With the cost of higher education on the rise across the United States, and Federal assistance rates not rising to match, the question of where to get money for college has become a very real concern for many students in the 18-23 age bracket, the bracket which is still required to claim Mom and Dad’s income on their financial aid applications.
One option for students in this age bracket, and others as well, is private loans. But there are some very important things to look for when seeking a private loan company. There are many companies offering private student loans but not all of them are going to provide you with the best service. Remember that you will be taking out a considerably large amount of money and will have to pay it back eventually so you want to be sure that you are getting the best service available.
The first thing you should investigate is the interest rate on your loan. Start with the type of interest, just as you would if you were applying for a credit card. A fixed-rate loan is more likely to stay the same throughout the duration of your Loan By Numbers, although not guaranteed. On occasion, due to an extreme rise in the prime rate, perhaps, even a fixed percentage rate may rise, but at a far smaller integral than a variable rate.
When you have determined whether the company you are investigating offers a fixed or variable interest rate, take a look at the rate itself. Most student loans will be offered in the range of 3-5% interest. A lower rate, however, doesn’t always mean a better deal. There will be more details about how this works as we progress; you have to be sure to compare each company to the other completely.
One factor that can make a loan with a lower interest rate an inferior value compared to one with a slightly higher interest rate is the payback schedule. Consider this. The American job market is increasingly competitive and nearly half of all college graduates have to search for several months before finding a job. You don’t want to be caught in the position of being required to pay back a loan immediately following that long walk to get your diploma if you are going to find yourself spending three months unemployed and searching for a job. Look for a loan which will allow you at least six months before you have to start making payments.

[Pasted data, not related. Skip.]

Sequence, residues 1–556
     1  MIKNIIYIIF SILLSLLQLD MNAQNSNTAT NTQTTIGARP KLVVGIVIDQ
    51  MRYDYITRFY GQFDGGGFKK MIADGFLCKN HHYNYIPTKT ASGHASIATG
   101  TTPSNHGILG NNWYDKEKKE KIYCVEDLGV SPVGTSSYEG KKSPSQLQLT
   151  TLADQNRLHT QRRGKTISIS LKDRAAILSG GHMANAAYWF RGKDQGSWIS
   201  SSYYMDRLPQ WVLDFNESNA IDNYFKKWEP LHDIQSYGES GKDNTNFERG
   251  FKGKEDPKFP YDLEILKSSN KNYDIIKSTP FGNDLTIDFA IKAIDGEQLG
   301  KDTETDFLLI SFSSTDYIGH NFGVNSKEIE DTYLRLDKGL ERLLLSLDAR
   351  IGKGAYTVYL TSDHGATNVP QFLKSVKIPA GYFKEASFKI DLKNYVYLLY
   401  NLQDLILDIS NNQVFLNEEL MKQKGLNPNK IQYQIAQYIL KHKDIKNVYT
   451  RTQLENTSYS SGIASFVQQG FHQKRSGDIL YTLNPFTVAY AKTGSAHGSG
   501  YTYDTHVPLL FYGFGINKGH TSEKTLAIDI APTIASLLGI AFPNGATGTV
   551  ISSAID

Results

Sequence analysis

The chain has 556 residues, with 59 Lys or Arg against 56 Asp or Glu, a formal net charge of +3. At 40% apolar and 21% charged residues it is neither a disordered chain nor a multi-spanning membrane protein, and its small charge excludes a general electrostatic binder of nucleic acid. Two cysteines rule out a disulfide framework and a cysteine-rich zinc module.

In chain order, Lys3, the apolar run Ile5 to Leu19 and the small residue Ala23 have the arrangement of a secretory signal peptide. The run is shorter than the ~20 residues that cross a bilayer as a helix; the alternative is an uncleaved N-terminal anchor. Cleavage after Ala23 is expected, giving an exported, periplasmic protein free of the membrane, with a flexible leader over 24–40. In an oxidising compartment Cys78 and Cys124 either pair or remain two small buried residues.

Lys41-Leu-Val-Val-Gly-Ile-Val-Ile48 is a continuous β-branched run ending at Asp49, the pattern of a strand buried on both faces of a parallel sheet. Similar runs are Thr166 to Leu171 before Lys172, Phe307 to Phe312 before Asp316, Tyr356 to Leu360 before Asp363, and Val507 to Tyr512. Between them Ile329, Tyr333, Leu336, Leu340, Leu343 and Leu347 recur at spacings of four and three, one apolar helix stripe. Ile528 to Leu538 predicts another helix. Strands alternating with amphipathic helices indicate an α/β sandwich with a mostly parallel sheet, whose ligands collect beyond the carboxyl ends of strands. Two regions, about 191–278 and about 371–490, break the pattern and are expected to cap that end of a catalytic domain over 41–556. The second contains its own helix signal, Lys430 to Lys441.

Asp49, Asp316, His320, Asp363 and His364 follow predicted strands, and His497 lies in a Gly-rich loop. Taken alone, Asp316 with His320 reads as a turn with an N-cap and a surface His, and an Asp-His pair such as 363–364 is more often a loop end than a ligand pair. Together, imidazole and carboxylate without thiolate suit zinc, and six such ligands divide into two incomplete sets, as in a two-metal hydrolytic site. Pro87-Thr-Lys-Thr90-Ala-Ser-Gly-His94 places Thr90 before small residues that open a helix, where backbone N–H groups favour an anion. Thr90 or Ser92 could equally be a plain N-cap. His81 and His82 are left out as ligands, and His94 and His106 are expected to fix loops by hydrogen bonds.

Also, when looking at the payback schedule, try to find out what the payments will be. With some it will be a small percentage of your salary (generally 1-2%), in others it will be a set rate, other still will offer you a percentage of the loan principle. Just as with the percentage rate, remember lower is not always better. Consider when investigating the loan payments that the smaller your payments, the longer it will take to finish the pay off.
Chances are that you will have more than one student loan throughout the course of your college career. When seeking the services of a private loan company, inquire about their policies for loan consolidation. Consolidation of your student loans after graduation does a few things for you; it permits you to make one payment for all of your loans instead of separate payments to each company. If you find that one company does not provide consolidation services you may want to look elsewhere for your loan needs.
Some companies will impart penalties for early payment, such as increasing the amount of your monthly payments. Others will offer incentives for paying off the entire loan at once, such as waiving incurred interest or even reducing the principle amount by a percentage (generally no more than 10%). Inquire about these in the application process, specifically to avoid early payoff penalties.
When you have examined all the other areas of the potential loan companies, the final step is to check their reputations. Contact the Better Business Bureau (BBB) and inquire about each company. Take into consideration which of the companies you are auditioning are registered with the BBB, first, and then if any of them have had complaints filed against them. Also consider that anyone can file a complaint about a business and the nature of the complaint should be deliberated; separate the personal issues from the valid complaints that can and most likely will effect you. Complaints such as the payments were too expensive should be discarded while complaints about difficulties reaching customer service representatives when they are needed are more likely going to effect anyone who comes into contact with the company.
Addressing these five areas when seeking a company to provide you with a private student loan will help you to find the right company for you and to separate out the companies that may not provide you with the level of service that you are looking for. If you have attended to each of these issues and still have questions you can visit your school guidance counselor or financial aid office. They have tools and resources to help you choose the right private loan company to suit your needs.